You might think that the funeral is all about honouring your deceased loved one. And you’re right. But have you also considered that the funeral is as much, if not more so, for the living? Allow me to explain and dive into the various aspects and benefits of having a ceremony.
Why do people choose to not have a funeral?
In more recent years, we have seen an increase in people choosing not to have any sort of funeral service. We see obituaries with sentences such as “No service by request,” “No funeral by request,” “As per John’s wishes, there will not be a funeral. Please donate to the charity of your choice in his honour,” and other such sentiments. Some people don’t even bother with posting an obituary. Why is this?
Some people have clearly told their family members that they did not want a funeral. Maybe they don’t want the “fanfare” and “the fuss,” since they were more humble people in life and don’t want an elaborate occasion to mark their passing. Maybe it is a question of finances, as some people fear that having a funeral that could cost tens of thousands of dollars is neither a necessity nor a luxury they can afford, nor do they want to put that financial burden on their bereaved family members. Perhaps they have the money but they just don’t think that a service is a good use of their or their family members’ assets. Or maybe they want to “spare their loved ones” the emotional distress and pain of going through the process of visitation, a service, and having to talk to others about the deceased.
COVID, of course, has also had a major impact on the number of services held in the past 16 months. With safety restrictions in place, limiting the number of people that can attend, or not permitting in-person services all together, many families have decided to forgo a traditional service. Regardless of COVID, people also might just be unaware of their options, but I’ll get to that in a minute.
What are the benefits of having a service and who is it really for?
It’s a chance for the family to grieve together. A funeral service, of whatever scale you or your family members might choose, is a way for your family members to come together, to support each other, to grieve as a family. You might think that not having a service would save them grief but studies show just the opposite – that families who don’t have a service have some unfinished grief work to do and it can actually prolong the mourning period. And they might want to have a service but feel reluctant to do so because they want to honour your wishes if you’d requested otherwise. Something else that might not immediately occur to you is that your family members might actually feel like they “weren’t invited” to your funeral, and that can potentially hurt. So, even though you might be well-intended in considering not having a service, think about what your family might need.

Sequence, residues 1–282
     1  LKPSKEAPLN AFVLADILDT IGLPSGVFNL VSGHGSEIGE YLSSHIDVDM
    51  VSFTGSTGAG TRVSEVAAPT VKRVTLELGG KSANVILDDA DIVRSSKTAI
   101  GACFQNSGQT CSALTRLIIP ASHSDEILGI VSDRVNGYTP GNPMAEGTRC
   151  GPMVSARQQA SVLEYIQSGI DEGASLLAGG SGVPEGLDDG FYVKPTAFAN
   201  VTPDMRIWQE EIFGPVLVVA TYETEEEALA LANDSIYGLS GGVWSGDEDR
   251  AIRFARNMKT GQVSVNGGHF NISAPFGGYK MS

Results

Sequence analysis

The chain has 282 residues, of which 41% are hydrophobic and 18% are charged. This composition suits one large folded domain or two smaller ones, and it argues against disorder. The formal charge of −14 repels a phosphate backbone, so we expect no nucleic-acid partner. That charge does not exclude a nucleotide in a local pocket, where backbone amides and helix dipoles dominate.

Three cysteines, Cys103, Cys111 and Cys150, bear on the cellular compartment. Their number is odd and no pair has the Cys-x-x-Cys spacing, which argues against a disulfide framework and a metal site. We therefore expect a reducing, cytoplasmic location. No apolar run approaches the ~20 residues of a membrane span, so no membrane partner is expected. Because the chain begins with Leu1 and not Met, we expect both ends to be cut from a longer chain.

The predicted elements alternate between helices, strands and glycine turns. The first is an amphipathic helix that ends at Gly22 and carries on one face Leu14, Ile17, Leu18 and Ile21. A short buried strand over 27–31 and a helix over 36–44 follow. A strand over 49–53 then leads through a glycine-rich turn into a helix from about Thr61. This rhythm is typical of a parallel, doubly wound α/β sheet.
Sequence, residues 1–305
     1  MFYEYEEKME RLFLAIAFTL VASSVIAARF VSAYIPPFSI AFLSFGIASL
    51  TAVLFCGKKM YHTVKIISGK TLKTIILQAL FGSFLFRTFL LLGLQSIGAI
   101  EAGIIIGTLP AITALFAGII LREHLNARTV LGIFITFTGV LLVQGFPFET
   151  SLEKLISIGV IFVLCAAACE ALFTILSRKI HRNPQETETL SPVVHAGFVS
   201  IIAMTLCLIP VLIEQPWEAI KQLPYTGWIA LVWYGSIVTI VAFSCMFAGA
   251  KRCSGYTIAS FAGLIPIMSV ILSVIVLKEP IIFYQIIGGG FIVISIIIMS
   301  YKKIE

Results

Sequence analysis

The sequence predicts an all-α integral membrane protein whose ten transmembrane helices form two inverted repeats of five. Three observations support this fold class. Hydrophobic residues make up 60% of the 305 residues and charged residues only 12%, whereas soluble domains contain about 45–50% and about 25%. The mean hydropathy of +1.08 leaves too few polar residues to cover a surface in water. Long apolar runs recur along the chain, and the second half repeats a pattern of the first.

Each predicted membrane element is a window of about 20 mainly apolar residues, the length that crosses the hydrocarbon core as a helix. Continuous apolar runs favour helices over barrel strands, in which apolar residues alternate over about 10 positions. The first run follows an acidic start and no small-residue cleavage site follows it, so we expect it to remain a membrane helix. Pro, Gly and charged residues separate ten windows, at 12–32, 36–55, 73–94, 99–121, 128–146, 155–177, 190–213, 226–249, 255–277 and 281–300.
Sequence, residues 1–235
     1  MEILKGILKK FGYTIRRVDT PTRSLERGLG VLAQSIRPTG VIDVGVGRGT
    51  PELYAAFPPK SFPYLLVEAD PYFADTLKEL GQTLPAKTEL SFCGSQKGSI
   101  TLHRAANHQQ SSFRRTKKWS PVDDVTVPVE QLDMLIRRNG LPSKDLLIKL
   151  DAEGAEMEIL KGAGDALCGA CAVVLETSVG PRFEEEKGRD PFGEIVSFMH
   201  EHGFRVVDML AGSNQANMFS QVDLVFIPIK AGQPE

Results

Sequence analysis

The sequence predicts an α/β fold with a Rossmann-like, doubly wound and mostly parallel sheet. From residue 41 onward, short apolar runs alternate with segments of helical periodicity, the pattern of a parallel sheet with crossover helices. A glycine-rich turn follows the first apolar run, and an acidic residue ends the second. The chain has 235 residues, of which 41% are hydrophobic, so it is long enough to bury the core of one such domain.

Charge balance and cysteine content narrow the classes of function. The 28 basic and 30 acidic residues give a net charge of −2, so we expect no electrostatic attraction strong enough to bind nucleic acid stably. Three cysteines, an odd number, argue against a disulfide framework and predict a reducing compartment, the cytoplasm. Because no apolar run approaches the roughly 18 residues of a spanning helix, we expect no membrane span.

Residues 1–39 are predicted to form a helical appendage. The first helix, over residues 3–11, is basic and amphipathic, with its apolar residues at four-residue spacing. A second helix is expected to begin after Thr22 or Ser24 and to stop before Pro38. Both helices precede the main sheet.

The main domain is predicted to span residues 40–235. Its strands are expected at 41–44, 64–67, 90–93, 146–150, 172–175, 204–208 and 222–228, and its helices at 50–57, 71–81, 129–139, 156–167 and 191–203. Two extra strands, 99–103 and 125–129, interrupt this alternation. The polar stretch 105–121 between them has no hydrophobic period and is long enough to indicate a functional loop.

Of course, everyone grieves differently and there is no right way to grieve, so talking to your family about this to get their feelings known is also a suggestion. You can discuss what you see as acceptable, they can tell you what they might wish to see, you can share your desire to decrease their suffering and pain, and maybe they will surprise you and say they appreciate your thoughtfulness but that they really want to have a funeral to celebrate you and come together. It’s worth a chat.
Consider having a visitation. Your family might really want to be able to see you again. A visitation is a way for the family to have one last moment with you. To say goodbye, especially if they didn’t have a chance to before you passed away. To honour you personally, in your presence.
What are our options?
People don’t realize that a funeral doesn’t have to be formal. People also don’t realize that there are several ways to have a more cost-effective service. Maybe they’ve only been exposed to very traditional and sombre events and they don’t want to have something so serious. Maybe they don’t know that there are still a lot of options for services even during the time of COVID restrictions.
Some of the alternatives we can offer include smaller in-person events, hybrid events that have a small number of immediate family members joined by distanced family members attending through Zoom, and fully virtual events. We can have in-person and virtual celebrations before you die, as well. Whether you want to have one last picnic combined with a green burial or a Roman Catholic mass, there are a lot of options to consider. Contact me, Laurie Hurtubise at ANORA Cremation, Burial, and Events, to discuss who you are having your funeral for and why.